Saturday, December 8, 2012

NaNoWriMo progress

So NaNoWriMo is over... Not really.

I'm currently on the way to 100,000 words, probably 20-50k away from finishing the first draft. Much of it, perhaps as much as the first 20,000 words, needs full rewriting, as I was still figuring out structure and plot at that point. of course the rest of it needs a lot of polishing (I am yet to add the antagonist's thread to the plot, as I was keeping that for after, to add in as interludes between the main plot).

If I get enough progress done in the next month I might enter the Createspace/Google writer competition (word count allows for up to 150,000 which I think is doable. given the story), which only needs a pitch in January, rather than a complete novel. Those whose pitch gets chosen need to submit the first 5,000 words, and so on until a full manuscript is needed. No harm in trying :)

Here's a small dialogue excerpt (as always, raw and unedited) from about the midpoint in the story:




Hadiael was walking quickly against the rain, hurrying to reach the land-ship before it grew any heavier. “I can’t stand the rain, the cycle of rebirth and life it represents. Did you know that? Water evaporates from the sea, becomes clouds and rains back down onto land, where it gathers in the rivers and aquifers, trickling slowly back into the sea. Birth, life, death, rebirth… an endless cycle. Sickening. Elyden should not be like that. She is an old realm created from nothing and into nothing she will finally decay. All this,” he said, lifting his arms to the loggias and bell-domes around him, turning round theatrically, “Is for nothing. It aids the process of decay, you know. Ripping the stone from the earth. Creates a greater surface area upon which entropy can work its magic, you see! The bricks and stones rot quicker than the raw earthy skin of this orb. Chopping down trees… well, the empire has claimed a monopoly in that department. Few now live who know what green lands look like. You might know, depending on how old you are.”
            Slaven nodded. He had seen wooded realms, long ago. He doubted any of them remained now, after Korachan had lain claim to them, exploiting them, stripping them bare.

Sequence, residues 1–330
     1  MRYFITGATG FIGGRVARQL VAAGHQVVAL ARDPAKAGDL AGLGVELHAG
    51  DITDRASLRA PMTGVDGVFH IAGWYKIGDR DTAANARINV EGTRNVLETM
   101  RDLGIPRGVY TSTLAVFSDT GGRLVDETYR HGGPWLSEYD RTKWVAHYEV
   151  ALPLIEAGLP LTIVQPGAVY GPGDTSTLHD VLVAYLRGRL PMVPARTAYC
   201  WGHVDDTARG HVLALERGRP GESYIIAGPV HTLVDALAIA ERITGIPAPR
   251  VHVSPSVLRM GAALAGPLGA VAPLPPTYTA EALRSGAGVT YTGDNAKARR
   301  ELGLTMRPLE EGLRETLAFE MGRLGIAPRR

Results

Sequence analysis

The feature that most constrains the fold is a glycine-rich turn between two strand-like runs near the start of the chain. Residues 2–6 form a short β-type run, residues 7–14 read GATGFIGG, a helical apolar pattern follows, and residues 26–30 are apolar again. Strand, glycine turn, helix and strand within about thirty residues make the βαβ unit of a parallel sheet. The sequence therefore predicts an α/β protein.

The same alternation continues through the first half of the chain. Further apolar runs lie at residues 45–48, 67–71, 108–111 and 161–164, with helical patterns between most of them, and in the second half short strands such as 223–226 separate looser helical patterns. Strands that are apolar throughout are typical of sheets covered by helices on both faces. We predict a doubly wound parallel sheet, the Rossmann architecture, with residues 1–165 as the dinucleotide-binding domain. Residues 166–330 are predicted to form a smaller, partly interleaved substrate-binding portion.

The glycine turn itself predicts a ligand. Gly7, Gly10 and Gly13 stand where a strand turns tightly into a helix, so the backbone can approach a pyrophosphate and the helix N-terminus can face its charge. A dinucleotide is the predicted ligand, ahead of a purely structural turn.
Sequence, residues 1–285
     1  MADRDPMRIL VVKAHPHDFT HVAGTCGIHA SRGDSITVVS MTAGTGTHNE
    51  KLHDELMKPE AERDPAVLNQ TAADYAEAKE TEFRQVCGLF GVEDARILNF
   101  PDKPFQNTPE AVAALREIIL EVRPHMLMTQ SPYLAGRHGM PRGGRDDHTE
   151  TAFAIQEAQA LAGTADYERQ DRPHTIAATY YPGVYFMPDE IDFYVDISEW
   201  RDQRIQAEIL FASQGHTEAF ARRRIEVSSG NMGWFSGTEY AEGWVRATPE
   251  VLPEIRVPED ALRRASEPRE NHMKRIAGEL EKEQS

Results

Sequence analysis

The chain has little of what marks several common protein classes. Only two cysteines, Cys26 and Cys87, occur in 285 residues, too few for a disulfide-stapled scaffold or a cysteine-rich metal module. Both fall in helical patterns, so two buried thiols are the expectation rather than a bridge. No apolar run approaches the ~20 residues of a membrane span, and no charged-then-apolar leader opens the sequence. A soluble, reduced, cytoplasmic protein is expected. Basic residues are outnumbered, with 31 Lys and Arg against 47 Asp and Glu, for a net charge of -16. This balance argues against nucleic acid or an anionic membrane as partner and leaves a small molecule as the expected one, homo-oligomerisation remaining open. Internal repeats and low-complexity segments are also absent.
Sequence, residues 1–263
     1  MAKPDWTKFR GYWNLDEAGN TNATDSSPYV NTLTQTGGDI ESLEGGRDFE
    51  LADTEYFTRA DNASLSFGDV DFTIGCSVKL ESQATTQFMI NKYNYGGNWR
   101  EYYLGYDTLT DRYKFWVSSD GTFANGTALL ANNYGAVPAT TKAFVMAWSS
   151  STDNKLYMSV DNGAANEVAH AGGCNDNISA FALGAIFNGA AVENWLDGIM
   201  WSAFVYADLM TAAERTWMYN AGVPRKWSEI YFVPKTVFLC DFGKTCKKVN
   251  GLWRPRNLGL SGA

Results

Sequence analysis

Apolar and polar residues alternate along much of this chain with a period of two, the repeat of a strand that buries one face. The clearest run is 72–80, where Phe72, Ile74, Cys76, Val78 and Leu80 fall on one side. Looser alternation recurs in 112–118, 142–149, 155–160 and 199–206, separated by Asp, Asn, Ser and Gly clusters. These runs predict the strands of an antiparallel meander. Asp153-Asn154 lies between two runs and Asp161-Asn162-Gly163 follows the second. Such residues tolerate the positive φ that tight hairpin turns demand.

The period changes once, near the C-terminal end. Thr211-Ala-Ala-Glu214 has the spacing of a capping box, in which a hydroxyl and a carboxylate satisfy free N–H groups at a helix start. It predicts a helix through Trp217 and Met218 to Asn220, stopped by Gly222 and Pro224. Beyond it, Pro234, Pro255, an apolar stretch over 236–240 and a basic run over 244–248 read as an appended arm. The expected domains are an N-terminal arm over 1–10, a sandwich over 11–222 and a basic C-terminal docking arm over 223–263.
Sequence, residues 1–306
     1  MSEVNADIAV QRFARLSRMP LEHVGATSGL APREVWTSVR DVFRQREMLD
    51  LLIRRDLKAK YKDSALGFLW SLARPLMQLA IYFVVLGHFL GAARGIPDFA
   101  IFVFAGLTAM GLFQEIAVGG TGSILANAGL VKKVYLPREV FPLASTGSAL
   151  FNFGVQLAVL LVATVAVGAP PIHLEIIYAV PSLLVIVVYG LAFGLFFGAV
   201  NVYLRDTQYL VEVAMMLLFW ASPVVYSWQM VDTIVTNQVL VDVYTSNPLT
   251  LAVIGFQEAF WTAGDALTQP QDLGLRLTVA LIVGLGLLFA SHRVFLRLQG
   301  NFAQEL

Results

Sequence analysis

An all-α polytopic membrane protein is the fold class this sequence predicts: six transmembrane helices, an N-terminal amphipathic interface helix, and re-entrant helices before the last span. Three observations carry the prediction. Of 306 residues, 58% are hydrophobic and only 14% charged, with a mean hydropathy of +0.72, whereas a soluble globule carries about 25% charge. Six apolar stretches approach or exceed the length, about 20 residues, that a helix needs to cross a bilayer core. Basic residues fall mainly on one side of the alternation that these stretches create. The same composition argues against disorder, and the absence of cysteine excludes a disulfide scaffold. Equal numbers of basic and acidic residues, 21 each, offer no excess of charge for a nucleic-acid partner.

“These cities, great symbols of civilisation are but a fleeting monument to the world’s entropy. In a thousand years there buildings will be gone. The town itself might remain, but it will be a different place, like a grub feasting on the rotting body of a slain predecessor. And in turn that grub will grow and die. Another might replace it but… well, you know what I mean. You have likely seen more death than any other I know… save perhaps one.” The man grinned.
            Slaven turned to him. “The Lhauaparan.”
            He grinned childishly. “For over a thousand years that thing has existed, suffering. It has seen death as few others have.”
            “It has a spirit?”
            Hadi regarded the clone for a moment before replying. This is a man looking for something, he thought. “What if it does? What if it doesn’t?”
            “I am curious.”
            Hadi shook his head. “No. You might be a clone, born without nuance or social grace, but the tough years have given you a semblance of mortality, of emotion that you cannot deny. I can see the urgency in your words, your actions. It is more than curiosity that drives you. I told you once already you will not find what you’re looking for here.”
            “And I must still try.”
            Hadi raised his hands defensively. “Be my guest. I don’t think Lhu has spoken with a Legionnaire before. The exchange might do him well.”
            “Lhu?” asked Slaven. They would degrade such a creature, born of man’s most devious and accomplished sciences to defy the gods themselves by referring to it with such a… base name. Slaven did not know what to think. Was it any worse than branding the clones with numbers and letters?